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A Christian conservative political group has criticized a likely expansion of the Employee Non-Discrimination Act (ENDA) that would include protections for sexual orientation and gender identity.
Tony Perkins, the president of Family Research Council, a conservative Christian political lobby group, attacked the measure on Nov. 4, claiming it would "increase litigation, diminish religious liberty, and create a new federal mandate on businesses based on sexuality."
Perkins also asserted in a press release that "the law would not allow businesses, including schools and daycares, to take things into consideration when they think it is appropriate," and threatened not only the "free market but religious liberties as well."
On Nov. 4, ENDA cleared a would-be obstacle when it passed a Senate procedural vote on the bill, 61-30, winning seven Republican votes. Should the bill move to the House, its status is less certain as House Speaker, John Boehner, has said he opposes the legislation, which he claims will hurt businesses.
"The Speaker believes this legislation will increase frivolous litigation and cost American jobs, especially small business jobs," spokesman Michael Steel said in an email on Monday.
The current legislation includes exemptions for churches and religious institutions but does not offer the same loophole for "corporation, association, educational institution or institution of learning, or society that is exempt from the religious discrimination provisions."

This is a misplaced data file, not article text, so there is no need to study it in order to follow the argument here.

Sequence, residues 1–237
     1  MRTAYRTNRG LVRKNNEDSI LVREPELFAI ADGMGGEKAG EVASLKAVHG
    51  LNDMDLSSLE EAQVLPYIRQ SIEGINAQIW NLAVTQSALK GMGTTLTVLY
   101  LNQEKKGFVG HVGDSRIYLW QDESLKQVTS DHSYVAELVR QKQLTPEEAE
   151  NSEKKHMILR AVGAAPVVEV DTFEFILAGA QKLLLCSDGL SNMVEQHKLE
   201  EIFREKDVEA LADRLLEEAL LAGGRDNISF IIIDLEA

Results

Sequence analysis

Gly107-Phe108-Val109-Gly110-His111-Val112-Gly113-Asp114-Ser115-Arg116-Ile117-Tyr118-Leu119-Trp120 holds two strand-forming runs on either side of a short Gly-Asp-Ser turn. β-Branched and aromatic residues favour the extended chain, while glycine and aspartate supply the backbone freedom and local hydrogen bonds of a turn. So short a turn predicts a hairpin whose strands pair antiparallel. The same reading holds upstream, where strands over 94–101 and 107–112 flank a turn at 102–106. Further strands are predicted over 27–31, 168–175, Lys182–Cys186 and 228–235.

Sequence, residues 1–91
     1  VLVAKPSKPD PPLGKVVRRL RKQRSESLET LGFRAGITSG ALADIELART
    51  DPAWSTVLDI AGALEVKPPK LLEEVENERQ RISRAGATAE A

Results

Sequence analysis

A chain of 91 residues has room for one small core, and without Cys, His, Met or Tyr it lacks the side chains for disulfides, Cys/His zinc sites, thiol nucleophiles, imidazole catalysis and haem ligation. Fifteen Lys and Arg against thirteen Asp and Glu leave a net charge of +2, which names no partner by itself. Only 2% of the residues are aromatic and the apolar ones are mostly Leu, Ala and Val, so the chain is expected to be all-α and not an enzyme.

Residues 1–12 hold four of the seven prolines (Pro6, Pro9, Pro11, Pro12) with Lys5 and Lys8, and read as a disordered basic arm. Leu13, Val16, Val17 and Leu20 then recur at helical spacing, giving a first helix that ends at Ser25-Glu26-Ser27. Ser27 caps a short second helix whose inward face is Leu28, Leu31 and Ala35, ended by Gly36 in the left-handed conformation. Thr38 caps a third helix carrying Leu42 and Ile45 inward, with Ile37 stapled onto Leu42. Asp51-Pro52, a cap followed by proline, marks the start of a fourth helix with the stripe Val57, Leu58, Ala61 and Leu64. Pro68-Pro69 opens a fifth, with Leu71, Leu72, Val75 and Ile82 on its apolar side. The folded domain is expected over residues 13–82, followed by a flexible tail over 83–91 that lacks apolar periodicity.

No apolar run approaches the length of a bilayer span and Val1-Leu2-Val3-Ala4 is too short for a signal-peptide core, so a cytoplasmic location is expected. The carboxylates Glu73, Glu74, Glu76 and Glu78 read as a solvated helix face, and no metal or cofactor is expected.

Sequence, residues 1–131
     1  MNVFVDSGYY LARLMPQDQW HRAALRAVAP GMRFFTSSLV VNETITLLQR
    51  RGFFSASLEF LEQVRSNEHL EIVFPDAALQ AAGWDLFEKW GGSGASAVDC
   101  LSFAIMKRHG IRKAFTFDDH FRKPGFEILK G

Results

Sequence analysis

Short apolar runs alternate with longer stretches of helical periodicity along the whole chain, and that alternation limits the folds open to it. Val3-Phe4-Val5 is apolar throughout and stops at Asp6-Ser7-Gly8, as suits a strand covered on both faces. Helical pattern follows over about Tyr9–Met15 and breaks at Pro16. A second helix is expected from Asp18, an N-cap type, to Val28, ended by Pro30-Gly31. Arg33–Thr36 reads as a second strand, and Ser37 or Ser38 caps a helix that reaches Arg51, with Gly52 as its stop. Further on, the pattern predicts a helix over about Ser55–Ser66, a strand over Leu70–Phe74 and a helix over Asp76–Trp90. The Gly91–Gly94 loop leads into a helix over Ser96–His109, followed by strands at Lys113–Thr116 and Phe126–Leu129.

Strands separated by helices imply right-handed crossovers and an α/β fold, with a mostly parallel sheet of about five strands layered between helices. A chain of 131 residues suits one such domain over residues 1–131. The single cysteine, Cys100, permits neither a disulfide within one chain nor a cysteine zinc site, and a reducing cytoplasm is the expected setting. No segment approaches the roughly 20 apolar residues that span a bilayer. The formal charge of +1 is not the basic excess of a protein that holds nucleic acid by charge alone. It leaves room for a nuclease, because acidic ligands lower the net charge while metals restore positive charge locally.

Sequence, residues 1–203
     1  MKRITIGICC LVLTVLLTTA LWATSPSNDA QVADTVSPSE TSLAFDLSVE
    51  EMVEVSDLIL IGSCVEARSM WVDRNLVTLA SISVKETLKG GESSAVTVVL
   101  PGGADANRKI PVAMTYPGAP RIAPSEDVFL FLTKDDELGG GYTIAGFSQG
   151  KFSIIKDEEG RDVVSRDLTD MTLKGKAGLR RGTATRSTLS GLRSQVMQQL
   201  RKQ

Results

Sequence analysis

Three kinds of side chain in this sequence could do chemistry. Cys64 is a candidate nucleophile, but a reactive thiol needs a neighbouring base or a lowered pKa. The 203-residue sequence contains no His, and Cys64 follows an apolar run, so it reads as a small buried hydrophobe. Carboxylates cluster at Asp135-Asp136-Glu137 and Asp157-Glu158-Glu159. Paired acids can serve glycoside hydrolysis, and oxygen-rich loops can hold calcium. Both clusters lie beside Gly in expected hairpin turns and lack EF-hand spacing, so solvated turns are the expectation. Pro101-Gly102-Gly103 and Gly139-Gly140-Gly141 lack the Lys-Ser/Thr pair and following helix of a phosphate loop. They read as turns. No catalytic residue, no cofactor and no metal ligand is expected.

Sen. Rob Portman, R-Ohio, whose son is openly gay, said that he was "inclined to support" the bill but told The Cincinnati Enquirer last week but that he was "still working on some of the religious liberty issues."
In the House, despite Boehner's disapproval, not all Republicans are on the same side as the Speaker. Last year's Vice Presidential candidate, Rep. Paul Ryan, R-Wis. for instance, backs the bill.
"They didn't roll out of bed one morning and choose to be gay. That's who they are," Ryan told reporters who asked him his stance in 2010; one that he recently reiterated again this year.
Nationwide, 26 states already have laws with workplace protections for LGBT employees. Within corporate America, the new ENDA policies will have little impact; 96 percent of Fortune 500 companies already have policies protecting workers.
In a September 2013 poll conducted by Republican pollster Alex Lundry and the Americans for Workplace Opportunity, 86 percent of Republicans agreed with the statement "everyone has a right to earn a living including gay, lesbian and transgender Americans and workers should be judged on the job they do nothing more, nothing less."
An additional 84 percent of Americans also argued that "companies should hire and fire based solely on a person's qualifications not quotas gay and transgender employees should have an equal opportunity to everyone else."
The ENDA expansion was originally considered in 1996 but died in the Senate. Earlier this week, Sen. Tom Harkin, D-Iowa, chairman of the Senate Health, Education, Labor, and Pensions (HELP) Committee, expressed relief that the bill would be brought to a vote, calling it "a huge step forward, one too long in coming."